# Stabilizers in a permutation group

abstract-algebragroup-actionsgroup-theorypermutation-cyclespermutations

Suppose we have a permutation group $$G = \langle (245), (123),(124) \rangle$$ with generators. It seems quite obvious that the stabilizer of 3 is the subgroup $$\langle (245),(124) \rangle$$, but I am not sure how to prove it. It's obvious that $$\langle (245), (124) \rangle \leq{\rm Stab}_G(3)$$, but how does one show that a sequence of permutations that move $$3$$ somewhere in between and then bring it back to its starting position is still part of the subgroup?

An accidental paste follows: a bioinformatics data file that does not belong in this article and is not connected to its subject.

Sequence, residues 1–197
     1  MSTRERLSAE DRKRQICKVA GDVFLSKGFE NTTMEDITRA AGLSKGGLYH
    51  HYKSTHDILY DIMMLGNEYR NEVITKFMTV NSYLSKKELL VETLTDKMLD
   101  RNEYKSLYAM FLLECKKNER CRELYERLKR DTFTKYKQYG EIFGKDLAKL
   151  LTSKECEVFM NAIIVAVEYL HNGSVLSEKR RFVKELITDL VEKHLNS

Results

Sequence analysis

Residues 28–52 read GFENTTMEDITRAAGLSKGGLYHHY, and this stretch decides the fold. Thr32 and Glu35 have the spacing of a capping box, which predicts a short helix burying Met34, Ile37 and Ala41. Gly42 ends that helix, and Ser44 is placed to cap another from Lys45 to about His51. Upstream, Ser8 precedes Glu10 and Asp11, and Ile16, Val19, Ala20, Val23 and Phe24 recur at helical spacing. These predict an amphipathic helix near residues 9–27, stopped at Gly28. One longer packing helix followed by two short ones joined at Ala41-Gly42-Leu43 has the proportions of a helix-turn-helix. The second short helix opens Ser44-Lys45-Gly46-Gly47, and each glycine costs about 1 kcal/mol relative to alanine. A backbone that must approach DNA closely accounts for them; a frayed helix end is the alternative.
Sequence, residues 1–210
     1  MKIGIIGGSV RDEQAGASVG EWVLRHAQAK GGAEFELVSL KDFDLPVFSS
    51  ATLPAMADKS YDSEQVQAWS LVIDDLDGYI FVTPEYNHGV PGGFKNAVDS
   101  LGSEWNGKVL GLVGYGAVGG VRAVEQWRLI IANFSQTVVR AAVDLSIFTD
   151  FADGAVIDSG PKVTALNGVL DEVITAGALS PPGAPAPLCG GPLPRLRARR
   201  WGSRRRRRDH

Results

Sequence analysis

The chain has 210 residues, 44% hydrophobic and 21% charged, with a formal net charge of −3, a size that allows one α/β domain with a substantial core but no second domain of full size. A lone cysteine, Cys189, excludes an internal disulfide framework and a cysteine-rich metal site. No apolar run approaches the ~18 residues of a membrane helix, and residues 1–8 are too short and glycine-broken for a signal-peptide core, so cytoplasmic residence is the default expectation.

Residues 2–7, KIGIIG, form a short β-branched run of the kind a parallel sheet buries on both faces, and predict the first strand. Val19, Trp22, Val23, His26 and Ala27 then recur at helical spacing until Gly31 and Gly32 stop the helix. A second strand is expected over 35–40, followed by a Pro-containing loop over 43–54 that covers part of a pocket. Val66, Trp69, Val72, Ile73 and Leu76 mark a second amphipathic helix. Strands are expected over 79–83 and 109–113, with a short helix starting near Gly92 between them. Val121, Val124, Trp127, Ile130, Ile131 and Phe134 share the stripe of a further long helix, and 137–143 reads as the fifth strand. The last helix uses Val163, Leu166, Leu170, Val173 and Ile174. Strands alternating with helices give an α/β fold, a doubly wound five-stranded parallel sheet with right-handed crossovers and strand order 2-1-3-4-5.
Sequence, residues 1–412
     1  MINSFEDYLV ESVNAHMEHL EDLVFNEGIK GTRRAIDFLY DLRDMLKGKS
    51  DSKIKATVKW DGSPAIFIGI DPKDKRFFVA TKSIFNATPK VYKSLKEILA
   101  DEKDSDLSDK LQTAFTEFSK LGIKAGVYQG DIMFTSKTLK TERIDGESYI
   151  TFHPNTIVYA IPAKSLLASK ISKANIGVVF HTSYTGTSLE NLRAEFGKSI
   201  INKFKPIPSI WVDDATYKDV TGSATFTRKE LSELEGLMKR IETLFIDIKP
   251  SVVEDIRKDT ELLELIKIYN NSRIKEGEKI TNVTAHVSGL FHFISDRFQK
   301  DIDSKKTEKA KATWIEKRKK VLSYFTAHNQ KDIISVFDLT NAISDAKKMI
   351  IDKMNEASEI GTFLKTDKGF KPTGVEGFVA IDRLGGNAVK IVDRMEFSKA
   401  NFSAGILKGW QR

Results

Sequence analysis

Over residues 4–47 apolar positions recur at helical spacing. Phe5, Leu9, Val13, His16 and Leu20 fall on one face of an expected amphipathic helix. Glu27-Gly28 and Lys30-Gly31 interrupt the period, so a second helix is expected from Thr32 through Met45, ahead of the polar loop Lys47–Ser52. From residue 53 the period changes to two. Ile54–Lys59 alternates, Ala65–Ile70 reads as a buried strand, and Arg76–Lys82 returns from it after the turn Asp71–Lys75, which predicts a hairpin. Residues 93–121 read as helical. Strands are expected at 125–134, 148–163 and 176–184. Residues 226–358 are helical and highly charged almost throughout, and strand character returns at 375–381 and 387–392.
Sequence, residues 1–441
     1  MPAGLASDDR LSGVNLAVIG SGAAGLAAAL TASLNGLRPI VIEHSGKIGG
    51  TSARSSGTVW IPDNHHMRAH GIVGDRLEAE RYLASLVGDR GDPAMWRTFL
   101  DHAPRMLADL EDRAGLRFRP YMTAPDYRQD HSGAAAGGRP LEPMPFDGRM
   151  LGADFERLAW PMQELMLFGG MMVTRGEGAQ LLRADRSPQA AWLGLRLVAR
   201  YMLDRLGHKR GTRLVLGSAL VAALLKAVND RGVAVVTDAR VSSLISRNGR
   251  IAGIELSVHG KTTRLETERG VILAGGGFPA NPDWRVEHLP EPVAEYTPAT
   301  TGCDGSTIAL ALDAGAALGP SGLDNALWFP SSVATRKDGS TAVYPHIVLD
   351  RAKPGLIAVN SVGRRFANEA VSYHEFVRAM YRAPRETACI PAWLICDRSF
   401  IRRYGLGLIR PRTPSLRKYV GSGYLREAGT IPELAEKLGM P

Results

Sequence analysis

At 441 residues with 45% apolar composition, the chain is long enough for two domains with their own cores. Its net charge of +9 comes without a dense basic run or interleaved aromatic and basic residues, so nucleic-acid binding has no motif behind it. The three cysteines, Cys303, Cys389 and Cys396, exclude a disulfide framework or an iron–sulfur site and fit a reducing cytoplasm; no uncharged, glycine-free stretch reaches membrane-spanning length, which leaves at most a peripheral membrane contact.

First we notice that $$G\leq A_5$$, the alternating group of degree five. Let's make use of this post. Since $$(123)$$ and $$(245)$$ don't fix a common element of $$\{1,2,3,4,5\}$$ and $$(123)\neq (245)^{-1}$$, we have that $$\langle (123),(245)\rangle=A_5$$. Therefore $$G=A_5$$.
Remember that $$A_5$$ is made of the identity element, 3-cycles, 5-cycles and products of two 2-cycles. By doing some combinatorics, we get that $$\text{Stab}_{A_5}(3)$$ consists of the identity element, eight 3-cycles and three products of two 2-cycles. This is exactly the same element structure of $$A_4$$.
We conclude that $$\text{Stab}_{A_5}(3)\cong A_4$$.